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Baptism of the Lord 2011

In our country, there is no much talk about justice, demands for justice, protests for justice – both personal and social. And the images we get out of this movement for justice are that of angry mobs shouting at police and police retaliating against provocations. Or there may be a lonesome figure ranting against being victimized by those in power and the powerful ignoring him.

Today, the first reading speaks of justice. But it is not an angry justice, a hateful speech or gesture that we find. Here come someone working for justice with an unusual instrument in hand – his kindness.

Listen: “he shall bring forth justice to the nations…
not crying out, not shouting,
not making his voice heard in the street… (he shall be) a light for the nations,
to open the eyes of the blind,
to bring out prisoners from confinement,
and from the dungeon, those who live in darkness.”

The baptism of Jesus was the start of his great work of service or ministry. And it is important to us and to the whole world because it was the start of a new kind of ministry – a ministry of kindness to the world. Filled with the Holy Spirit, Jesus will bring only love to the hurting and bleeding environment he has inserted himself into.

Jesus did not need to be baptized; only sinners need baptism. And yet, he joined the throng queuing up for John’s cleansing waters to show how kind God is in making his Son share in our shame and weakness. God’s kingdom in inaugurated by this gracious act of loving the worst in man and in owning it up so that we will feel we are not alone.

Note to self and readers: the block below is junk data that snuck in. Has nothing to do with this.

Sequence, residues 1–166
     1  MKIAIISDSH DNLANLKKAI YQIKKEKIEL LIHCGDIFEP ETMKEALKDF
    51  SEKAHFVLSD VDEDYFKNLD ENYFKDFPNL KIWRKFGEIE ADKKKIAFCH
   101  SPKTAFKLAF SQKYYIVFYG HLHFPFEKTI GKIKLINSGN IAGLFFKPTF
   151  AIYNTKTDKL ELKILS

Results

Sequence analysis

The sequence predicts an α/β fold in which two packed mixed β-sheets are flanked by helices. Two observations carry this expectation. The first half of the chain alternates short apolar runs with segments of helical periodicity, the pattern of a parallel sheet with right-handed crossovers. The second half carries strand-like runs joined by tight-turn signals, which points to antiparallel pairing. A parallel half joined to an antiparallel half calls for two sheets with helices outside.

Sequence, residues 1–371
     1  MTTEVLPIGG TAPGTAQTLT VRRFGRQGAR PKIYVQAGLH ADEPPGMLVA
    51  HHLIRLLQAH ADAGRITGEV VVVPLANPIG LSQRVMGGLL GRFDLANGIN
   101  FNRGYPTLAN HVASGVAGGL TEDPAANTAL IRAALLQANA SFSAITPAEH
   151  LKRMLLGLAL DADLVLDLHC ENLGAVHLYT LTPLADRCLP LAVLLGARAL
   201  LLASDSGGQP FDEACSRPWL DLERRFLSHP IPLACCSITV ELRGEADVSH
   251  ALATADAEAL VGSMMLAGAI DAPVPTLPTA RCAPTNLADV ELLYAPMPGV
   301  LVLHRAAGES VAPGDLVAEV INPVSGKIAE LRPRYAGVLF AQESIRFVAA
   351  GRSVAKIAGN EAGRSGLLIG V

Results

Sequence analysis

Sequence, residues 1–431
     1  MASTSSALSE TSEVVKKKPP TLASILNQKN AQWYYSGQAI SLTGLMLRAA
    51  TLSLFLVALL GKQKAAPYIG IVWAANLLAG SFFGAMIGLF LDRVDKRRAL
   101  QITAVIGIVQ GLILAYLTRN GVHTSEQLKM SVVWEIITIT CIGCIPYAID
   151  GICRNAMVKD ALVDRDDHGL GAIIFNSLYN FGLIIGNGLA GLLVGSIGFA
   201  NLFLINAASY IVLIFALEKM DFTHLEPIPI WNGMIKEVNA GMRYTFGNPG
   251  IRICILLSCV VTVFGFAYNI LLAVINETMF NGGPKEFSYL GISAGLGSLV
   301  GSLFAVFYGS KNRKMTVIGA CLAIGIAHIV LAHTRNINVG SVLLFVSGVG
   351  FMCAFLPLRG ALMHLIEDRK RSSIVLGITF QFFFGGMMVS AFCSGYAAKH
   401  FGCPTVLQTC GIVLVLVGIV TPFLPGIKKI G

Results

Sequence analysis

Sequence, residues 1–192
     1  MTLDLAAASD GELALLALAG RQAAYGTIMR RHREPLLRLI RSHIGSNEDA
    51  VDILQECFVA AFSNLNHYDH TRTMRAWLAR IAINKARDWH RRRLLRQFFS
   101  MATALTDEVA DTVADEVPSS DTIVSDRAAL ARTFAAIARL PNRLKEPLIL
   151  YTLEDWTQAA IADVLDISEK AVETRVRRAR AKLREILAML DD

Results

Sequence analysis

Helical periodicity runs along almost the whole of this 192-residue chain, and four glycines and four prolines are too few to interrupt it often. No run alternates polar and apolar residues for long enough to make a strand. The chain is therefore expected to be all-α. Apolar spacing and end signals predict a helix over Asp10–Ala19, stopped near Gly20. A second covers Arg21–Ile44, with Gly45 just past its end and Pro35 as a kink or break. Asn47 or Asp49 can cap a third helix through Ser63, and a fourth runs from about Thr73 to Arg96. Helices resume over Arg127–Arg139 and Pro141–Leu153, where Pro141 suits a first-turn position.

This too, is the meaning of our baptism. We are baptized so that the family of God will spread all around the world. We are baptized so that we can show the world what a real son or daughter of God is like. We are baptized that we can work for justice through the kindness that comes from the Holy Spirit in our hearts.

Look at your surroundings: how many bad words are uttered each day? How many hurtful words are exchanged between enemies? How many pains are endured at the hands of even the people we love? How many tears are shed because people fail to show tenderness and solidarity with their neighbor? And these things happen at home, at work, in neighborhoods, maybe even in church.

St. Peter stressed what happened to Jesus after his baptism: “He went about doing good 
and healing all those oppressed by the devil, 
for God was with him.” Should we not also do the same?

As we thank God for the grace of our baptism, the fact that we are Christians, let us pause awhile and think whether like Jesus, we truly know what it means. We are baptized to be instruments of kindness. Be kind to someone who needs your love most today. Be kind even when it involves a sacrifice.